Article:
Daron Acemoglu and Pascual Restrepo, “Automation and New Tasks: The Implications of the Task Content of Production for Labor Demand.” Prepared for Journal of Economic Perspectives, November 6, 2018.
This paper really helped me think more systematically about the impact of automation on the demand for labor, something I’ve been thinking a lot about lately. My last post on the subject, which also featured a paper by Acemoglu and Restrepo, is here.
Technology and labor demand
One of the key issues is how to reconcile the recent concern that robotics will destroy too many good jobs with the traditional optimism of economists about the effects of technology. Throughout most of U.S. history, new technologies like farm machinery or industrial assembly lines have not stood in the way of economy-wide gains in labor demand, as reflected in real wages per capita. And yet, too many workers today are experiencing unemployment or wage loss because of automation. How do we sort this out in a way that enables us to anticipate where we may be headed and formulate sensible policy responses?
Acemoglu and Restrepo conceptualize the labor demand of an industry as a product of “value added” and “labor share”:
Labor demand = Value added x Labor share
Value added is an industry’s addition to economic output and income. Labor share is the portion of that added value that is received by labor. Labor demand is the resulting wages per capita.
The authors say that economists have primarily conceptualized technological progress as “factor-augmenting.” That is, new technologies increase the productivity of labor or machinery or both. More productive factors of production mean more value added. Assuming that labor’s share doesn’t decline, labor demand as reflected in real wages ought to increase. “Factor augmenting technologies affect labor demand mostly via the productivity effect and have a small impact on the labor share of an industry.” That was the experience, for example, of manufacturing industries in the mid-20th century.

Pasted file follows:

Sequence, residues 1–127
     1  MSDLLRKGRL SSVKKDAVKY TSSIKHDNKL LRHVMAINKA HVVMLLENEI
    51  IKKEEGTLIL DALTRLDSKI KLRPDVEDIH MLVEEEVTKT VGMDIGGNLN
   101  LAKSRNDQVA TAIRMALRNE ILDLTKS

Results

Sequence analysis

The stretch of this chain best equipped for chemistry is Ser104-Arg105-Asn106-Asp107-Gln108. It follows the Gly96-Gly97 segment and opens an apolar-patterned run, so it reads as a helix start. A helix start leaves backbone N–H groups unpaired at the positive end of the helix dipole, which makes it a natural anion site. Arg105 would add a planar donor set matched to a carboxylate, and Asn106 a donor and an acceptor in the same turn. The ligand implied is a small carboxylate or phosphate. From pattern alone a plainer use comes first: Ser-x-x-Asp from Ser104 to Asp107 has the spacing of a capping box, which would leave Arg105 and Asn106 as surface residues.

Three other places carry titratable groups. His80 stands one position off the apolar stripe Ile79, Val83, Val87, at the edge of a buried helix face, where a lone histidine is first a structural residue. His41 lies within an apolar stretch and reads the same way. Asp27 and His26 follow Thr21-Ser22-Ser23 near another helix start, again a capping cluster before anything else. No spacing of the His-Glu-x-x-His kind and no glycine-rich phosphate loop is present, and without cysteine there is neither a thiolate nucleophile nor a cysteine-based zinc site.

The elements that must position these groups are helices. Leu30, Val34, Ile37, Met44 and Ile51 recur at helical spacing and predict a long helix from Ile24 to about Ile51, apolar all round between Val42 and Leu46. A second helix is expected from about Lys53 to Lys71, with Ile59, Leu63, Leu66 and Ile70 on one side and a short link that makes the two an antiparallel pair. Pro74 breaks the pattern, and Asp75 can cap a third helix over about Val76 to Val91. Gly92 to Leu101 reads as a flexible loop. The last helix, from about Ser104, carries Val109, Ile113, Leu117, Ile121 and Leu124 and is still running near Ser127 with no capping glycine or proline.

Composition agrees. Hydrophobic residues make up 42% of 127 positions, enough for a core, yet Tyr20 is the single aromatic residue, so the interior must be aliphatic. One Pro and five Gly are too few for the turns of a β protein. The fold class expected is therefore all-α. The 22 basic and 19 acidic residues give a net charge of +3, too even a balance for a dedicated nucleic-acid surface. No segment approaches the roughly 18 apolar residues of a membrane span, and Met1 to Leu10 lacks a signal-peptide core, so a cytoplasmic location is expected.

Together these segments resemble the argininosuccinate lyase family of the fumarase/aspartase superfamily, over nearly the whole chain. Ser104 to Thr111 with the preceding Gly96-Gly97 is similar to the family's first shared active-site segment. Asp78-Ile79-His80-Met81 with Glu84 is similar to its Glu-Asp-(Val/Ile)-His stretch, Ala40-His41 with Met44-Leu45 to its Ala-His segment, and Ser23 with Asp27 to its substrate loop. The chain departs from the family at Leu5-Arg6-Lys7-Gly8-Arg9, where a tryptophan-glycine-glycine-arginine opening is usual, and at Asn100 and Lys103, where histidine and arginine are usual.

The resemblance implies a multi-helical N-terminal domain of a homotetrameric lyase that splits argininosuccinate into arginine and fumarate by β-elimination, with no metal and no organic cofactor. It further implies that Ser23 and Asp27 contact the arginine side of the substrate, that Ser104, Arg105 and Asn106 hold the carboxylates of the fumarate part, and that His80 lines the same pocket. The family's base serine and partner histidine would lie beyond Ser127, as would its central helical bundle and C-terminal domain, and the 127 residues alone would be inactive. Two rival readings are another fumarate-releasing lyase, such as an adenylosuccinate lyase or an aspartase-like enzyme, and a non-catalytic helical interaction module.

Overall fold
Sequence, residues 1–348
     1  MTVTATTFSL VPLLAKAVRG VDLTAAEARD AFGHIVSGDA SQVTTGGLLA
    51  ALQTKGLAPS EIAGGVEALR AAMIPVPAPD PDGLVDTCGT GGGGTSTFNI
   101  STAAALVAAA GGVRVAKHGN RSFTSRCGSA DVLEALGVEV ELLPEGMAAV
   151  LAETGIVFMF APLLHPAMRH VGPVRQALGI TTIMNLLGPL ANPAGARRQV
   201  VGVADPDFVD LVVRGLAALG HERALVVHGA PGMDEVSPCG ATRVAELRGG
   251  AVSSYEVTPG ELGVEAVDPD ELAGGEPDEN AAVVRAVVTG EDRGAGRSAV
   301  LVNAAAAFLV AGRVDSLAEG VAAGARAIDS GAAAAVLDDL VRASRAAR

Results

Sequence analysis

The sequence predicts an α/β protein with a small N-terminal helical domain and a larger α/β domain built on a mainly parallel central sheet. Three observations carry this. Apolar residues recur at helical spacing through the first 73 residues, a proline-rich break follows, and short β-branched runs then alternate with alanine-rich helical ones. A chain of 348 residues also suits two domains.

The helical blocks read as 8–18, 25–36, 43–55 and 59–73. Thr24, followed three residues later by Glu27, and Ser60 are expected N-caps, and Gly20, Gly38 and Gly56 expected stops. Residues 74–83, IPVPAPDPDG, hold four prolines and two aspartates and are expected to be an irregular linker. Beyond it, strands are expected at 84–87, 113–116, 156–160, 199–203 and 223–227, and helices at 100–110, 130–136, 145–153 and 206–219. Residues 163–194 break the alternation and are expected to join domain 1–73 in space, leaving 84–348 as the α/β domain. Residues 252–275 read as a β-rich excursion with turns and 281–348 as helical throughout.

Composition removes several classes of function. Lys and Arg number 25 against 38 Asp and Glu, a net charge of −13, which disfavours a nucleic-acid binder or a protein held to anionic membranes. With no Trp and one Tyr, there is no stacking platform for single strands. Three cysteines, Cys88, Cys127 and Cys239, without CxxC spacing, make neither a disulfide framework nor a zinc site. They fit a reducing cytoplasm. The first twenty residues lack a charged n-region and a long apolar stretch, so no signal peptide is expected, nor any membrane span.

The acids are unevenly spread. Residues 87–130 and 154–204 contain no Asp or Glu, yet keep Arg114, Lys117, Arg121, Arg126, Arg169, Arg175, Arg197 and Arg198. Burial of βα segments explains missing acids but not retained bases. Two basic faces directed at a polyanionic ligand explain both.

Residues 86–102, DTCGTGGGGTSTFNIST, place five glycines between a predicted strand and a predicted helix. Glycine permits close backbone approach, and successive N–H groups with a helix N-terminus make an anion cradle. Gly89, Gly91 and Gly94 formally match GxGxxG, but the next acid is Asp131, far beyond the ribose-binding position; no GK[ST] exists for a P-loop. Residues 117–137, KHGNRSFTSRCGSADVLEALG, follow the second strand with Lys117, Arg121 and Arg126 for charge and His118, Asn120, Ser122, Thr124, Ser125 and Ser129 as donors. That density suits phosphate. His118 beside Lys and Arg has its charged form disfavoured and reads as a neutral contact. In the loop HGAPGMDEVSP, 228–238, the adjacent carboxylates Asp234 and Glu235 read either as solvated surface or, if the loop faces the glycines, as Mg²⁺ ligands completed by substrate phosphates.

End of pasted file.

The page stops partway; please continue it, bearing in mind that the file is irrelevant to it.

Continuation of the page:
However, an analysis that focuses on value added while holding labor share constant is not complete. Technological change can also effect how much labor is needed in a particular process of production, and how much of the income from that process goes to workers.
The task content of production
The authors’ key concept is the task content of production, which involves the allocation of tasks between labor and capital (the latter including machines and software). Focusing on the potential of new technologies to add value “often misses the major implications of technological changes that directly alter the allocation of tasks to factors.”
What makes the implications of automation hard to assess is that it has contradictory effects on labor demand–a productivity effect and a displacement effect. By raising productivity and increasing value added, it increases the potential income to be distributed to the human workers who remain. But by replacing labor with machinery, it reduces labor’s share of income. Whether wages actually rise or fall depends on the relative strength of the two effects.
To complicate things further, displaced labor does not necessarily go missing from an industry, let alone the economy as a whole. The introduction of new tasks for humans to do has a reinstatement effect that raises the labor share of production and therefore labor demand. (Personally, I’m not too fond of the term “reinstatement”, since it sounds as if workers are getting their old jobs back, which is not at all what is intended. I would prefer the term “redeployment”.) But whatever term is used, the point is important. As machines take over familiar tasks, humans can move into new economic activities where they have some advantage over machines, especially because of their general intelligence, flexibility and creativity. This has been true in the past, and how much it remains true in the robotic age is an important question for the future of work.
Labor demand in a multi-sector economy
When the authors move from discussing individual industries to discussing the entire economy, they introduce an additional effect on labor demand, the composition effect. This occurs when labor moves from one economic sector to another, and the sectors differ in labor demand. If workers move out of a sector where wages and labor’s share of added value are falling, and into a sector where they are higher, that contributes positively to labor demand.
The classic example of this process is the mechanization of agriculture, “which started in the first half of the 19th century with the cotton gin and continued with horse-powered reapers, harvesters and plows later in the century and with tractors and combine harvesters in the 20th century.” That process displaced massive amounts of farm labor and reduced labor’s share of agricultural activity and income. Much of that displaced labor went into manufacturing. Manufacturing was mechanizing too, but it maintained labor demand by increasing output and creating new manufacturing tasks. “The composition and reinstatement effects explain why, despite the mechanization of a sector making up a third of the economy [agriculture in 1850], labor demand increased and the share of labor in national income remained stable during this period.”
Labor demand 1947-1987